When you reaffirm a vehicle loan, you are re-obligating yourself to the debt. This is done under the same interest rate, terms and repayment period. Additionally, once you reaffirm, any payments you make on the loan will be reported by the lender to the credit bureaus and will help to rebuild your credit.

Surrendering A Vehicle

If you are surrendering a vehicle in bankruptcy, you will simply need to reach out to the lender and make arrangements for them to pick up the vehicle. In the alternative, you can deliver the vehicle to them. This process is quite painless, but you should take steps shortly after filing, to complete the process.

Making Car Payments

In Chapter 13, your car payments are built into your Chapter 13 payment. In Chapter 7, if you plan to keep your car in bankruptcy, you will find that until your bankruptcy case closes, you will most likely need to make your monthly car payments to the bankruptcy division of your car lender’s office. This is a procedural matter for the car lender, and is a temporary payment situation until your cases closes. Once your case closes, you can resume auto-draft or any other type of payment method available prior to your bankruptcy filing.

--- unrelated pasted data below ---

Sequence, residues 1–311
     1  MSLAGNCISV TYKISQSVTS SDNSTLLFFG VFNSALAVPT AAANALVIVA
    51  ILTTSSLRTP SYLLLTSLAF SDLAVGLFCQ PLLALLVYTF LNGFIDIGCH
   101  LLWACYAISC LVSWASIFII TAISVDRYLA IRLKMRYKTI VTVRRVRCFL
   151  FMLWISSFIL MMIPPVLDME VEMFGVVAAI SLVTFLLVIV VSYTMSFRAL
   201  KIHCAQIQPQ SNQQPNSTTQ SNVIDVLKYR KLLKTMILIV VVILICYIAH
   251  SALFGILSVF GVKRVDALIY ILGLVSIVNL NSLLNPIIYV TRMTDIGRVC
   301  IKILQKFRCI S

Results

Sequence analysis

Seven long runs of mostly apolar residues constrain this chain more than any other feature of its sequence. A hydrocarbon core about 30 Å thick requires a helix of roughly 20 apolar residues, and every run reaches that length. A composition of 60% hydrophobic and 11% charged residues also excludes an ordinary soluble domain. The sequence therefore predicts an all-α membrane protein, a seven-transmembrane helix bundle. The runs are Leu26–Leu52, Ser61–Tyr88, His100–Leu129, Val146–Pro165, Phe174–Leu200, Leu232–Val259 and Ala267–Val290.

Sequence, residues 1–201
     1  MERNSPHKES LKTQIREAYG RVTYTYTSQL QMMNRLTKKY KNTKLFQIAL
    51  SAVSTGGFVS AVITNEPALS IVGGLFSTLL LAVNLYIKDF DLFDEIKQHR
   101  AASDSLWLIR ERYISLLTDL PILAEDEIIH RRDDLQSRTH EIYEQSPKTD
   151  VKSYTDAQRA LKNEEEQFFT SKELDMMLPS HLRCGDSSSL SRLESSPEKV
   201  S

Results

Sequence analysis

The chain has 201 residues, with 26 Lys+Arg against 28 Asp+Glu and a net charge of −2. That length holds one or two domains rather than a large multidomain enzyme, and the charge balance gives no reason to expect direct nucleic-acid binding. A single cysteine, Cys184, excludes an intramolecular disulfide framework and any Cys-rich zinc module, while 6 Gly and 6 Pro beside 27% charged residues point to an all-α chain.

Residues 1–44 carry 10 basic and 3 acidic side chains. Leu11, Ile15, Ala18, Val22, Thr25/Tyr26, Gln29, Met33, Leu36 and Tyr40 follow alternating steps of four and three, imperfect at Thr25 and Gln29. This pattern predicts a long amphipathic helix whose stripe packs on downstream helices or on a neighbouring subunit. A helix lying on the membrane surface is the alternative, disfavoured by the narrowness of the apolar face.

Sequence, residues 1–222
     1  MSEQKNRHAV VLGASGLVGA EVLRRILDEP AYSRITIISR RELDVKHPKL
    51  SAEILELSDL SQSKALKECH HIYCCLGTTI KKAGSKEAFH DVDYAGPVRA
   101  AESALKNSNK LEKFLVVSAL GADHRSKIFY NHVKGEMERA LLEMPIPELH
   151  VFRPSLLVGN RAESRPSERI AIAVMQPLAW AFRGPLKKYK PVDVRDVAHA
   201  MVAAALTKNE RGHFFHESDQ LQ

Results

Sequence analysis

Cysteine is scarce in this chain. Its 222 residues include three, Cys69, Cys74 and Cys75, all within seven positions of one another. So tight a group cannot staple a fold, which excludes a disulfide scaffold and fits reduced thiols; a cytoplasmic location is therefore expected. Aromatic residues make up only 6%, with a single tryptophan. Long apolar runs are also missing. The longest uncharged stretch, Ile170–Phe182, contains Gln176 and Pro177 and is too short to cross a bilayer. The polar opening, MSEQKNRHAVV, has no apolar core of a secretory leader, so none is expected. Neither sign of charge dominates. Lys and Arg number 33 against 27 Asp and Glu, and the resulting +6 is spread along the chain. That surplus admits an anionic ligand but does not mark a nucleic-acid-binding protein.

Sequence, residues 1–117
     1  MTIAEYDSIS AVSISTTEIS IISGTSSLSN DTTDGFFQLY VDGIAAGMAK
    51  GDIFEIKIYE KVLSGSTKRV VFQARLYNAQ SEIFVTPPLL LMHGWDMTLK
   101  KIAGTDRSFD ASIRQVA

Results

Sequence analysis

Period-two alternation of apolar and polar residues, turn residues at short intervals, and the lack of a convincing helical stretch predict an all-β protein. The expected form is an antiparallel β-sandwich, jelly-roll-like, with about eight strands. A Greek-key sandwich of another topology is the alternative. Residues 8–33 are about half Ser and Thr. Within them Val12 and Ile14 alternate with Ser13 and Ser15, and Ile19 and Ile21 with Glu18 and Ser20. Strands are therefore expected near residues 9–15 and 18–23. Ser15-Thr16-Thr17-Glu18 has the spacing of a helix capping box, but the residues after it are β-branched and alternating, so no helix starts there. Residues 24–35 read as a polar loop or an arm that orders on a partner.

Redeeming A Vehicle Loan

You may also choose to Redeem a vehicle loan in Chapter 7. This is a process by which you take out a new loan with a redemption company such as 722 Redemption. They will pay off your current vehicle loan, and going forward you will pay the new loan and keep the car. This is usually done to avoid reaffirming a vehicle loan with a very high interest rate, lower the loan balance to the blue book value, and may even offer a longer repayment period than a Reaffirmation. If you wish to start this process, you must reach out to a redemption company as soon as possible after the filing of your bankruptcy.